American Heritage® Dictionary of the English Language, Fourth Edition
- Condé, Prince de. Title of Louis II de Bourbon. Known as "the Great Condé.” 1621-1686. French general who won major victories in the Thirty Years' War.
“That curiously pits Ahmadinejad against his own spiritual adviser, the ultra-reactionary Ayatollah Mesbah Yazdi; but the president at this stage is betting on political, not spiritual, gains.”
“Put ... bluntly ... these intellectual leaders were a bunch of ultra-reactionary 'fascist' sympathisers, as their contemporary critics alleged.”
“So they originally rallied to the cause of the deposed Bourbon king Ferdinand VII, who later turned out to be an ultra-reactionary.”
“But in 1985 Alito meant what he said: for the next twenty years, both in the Reagan White House and as an Appellate Judge, he worked to promote CAP's ultra-reactionary agenda.”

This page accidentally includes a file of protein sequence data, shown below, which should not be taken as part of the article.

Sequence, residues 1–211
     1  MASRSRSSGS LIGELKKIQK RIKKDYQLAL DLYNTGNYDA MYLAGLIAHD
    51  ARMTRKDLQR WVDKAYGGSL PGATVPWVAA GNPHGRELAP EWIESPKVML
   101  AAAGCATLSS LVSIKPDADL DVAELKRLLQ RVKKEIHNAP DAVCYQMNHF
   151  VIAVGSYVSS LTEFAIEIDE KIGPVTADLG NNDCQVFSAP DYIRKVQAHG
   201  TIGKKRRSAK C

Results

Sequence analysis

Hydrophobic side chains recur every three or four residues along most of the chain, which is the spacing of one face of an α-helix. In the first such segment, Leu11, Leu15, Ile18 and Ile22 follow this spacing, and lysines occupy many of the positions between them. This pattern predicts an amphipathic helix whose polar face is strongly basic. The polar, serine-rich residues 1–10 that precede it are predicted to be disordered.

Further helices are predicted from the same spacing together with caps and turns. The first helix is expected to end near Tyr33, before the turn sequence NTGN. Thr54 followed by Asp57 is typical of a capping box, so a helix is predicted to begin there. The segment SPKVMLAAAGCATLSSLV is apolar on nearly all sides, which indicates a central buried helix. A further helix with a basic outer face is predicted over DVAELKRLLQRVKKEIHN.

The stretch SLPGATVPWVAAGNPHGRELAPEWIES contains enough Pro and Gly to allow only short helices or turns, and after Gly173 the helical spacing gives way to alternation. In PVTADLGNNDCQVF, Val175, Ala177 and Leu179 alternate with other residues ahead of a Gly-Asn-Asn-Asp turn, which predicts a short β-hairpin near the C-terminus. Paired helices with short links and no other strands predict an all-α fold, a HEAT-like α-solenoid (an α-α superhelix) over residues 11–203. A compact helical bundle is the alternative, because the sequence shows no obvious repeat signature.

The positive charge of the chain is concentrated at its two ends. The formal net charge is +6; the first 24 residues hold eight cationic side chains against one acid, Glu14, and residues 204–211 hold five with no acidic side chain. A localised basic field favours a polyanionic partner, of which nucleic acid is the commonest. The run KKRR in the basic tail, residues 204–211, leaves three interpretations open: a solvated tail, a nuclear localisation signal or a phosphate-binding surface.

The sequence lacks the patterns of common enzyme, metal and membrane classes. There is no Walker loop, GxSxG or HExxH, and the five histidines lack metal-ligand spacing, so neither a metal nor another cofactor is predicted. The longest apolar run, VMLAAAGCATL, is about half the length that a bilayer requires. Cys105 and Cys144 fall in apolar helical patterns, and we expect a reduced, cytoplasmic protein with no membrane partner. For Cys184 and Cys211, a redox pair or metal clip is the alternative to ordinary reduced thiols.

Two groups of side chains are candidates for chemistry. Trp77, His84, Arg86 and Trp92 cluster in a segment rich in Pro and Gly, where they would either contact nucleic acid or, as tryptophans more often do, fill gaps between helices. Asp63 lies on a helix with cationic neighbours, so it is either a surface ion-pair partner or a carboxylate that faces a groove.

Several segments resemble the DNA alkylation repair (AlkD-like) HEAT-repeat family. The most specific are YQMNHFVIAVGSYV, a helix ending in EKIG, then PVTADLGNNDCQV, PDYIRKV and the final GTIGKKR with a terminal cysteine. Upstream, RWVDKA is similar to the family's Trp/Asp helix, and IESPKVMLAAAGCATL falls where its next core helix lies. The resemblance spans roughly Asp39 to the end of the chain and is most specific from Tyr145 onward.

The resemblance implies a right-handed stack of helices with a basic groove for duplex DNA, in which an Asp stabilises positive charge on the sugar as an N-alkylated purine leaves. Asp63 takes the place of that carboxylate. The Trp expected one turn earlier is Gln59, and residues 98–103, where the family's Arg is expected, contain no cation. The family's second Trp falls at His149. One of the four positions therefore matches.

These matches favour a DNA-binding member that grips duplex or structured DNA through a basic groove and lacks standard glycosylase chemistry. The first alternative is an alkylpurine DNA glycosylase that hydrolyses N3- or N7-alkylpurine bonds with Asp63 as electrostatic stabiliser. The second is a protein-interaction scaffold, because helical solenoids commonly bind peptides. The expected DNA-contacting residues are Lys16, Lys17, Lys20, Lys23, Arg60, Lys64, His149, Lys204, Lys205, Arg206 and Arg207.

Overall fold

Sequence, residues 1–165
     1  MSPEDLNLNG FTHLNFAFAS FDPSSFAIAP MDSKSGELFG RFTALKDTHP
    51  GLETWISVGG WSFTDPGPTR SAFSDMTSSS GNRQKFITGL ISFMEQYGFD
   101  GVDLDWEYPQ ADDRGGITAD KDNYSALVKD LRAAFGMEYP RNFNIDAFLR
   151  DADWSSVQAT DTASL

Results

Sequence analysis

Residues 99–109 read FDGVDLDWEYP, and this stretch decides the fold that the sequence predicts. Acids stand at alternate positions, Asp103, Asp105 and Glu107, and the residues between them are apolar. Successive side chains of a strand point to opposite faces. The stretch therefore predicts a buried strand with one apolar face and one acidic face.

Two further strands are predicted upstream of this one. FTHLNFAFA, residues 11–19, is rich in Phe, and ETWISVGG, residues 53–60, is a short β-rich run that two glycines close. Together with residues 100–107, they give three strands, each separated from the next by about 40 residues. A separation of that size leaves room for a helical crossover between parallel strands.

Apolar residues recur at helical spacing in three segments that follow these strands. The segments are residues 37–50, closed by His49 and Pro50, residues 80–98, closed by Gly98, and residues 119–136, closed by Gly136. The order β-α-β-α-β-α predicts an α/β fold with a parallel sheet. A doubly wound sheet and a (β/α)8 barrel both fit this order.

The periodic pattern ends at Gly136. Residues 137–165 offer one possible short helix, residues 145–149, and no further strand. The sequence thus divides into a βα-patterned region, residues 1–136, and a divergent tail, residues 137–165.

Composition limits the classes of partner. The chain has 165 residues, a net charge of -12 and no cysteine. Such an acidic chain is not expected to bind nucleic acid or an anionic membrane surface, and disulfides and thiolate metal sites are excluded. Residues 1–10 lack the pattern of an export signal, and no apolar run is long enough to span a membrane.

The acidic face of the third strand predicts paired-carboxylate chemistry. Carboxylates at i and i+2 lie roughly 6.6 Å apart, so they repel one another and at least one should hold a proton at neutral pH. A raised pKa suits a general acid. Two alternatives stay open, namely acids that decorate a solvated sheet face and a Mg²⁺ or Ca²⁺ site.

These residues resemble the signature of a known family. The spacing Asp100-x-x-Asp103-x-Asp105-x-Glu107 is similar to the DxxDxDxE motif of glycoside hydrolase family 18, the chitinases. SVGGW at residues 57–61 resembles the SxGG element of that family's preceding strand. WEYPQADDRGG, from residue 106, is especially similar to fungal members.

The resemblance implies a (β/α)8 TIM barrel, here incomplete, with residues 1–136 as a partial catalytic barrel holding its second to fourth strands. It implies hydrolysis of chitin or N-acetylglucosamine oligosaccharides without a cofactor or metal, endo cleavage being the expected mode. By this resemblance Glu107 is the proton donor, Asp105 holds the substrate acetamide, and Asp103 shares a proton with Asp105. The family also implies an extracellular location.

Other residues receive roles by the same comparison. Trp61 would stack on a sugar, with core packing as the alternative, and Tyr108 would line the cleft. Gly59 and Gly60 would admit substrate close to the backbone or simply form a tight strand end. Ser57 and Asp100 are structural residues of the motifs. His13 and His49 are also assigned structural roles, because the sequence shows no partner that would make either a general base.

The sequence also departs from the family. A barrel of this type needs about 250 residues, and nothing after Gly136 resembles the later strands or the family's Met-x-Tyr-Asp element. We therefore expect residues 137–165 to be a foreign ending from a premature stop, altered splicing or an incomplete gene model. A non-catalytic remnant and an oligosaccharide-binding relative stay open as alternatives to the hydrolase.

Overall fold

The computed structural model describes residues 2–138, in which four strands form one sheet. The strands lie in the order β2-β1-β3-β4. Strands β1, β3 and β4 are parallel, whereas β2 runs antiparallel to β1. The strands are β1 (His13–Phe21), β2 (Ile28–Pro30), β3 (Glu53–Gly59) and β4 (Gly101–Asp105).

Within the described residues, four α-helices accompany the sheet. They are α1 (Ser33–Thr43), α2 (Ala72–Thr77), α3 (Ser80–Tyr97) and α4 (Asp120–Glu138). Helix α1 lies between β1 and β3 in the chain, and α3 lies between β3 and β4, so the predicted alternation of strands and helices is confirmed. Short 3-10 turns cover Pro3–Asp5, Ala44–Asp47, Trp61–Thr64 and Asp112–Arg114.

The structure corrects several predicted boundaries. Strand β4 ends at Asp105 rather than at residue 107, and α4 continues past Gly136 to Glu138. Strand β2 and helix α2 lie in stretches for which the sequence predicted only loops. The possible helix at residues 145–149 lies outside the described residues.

“If someone points out that as leftists they have a duty to fight crimes committed by ultra-reactionary movements, the new left ideology instructs them to say that it is ‘hypocritical’ for westerners to criticise when they carry so much guilt.”
“Put...bluntly...these intellectual leaders were a bunch of ultra-reactionary 'fascist' sympathisers, as their contemporary critics alleged.”
“British authorities were uncomfortable with the ultra-reactionary essence of Islamist thought, but as long as the jihad did not wash back onto British shores they were willing to leave the agitators alone.”
“After the anti-communist reactionary, now comes the ultra-reactionary Nazi.”
“Jewish socialists and communists around the world, in Palestine, South Africa, Europe, America and Arab countries, opposed the Zionist doctrine as ultra-reactionary nationalism - in fact comparable to Afrikaner nationalism and its "chosen race" mythology.”
“• Concentrate all forces to strike at the handful of ultra-reactionary bourgeois rightists.”
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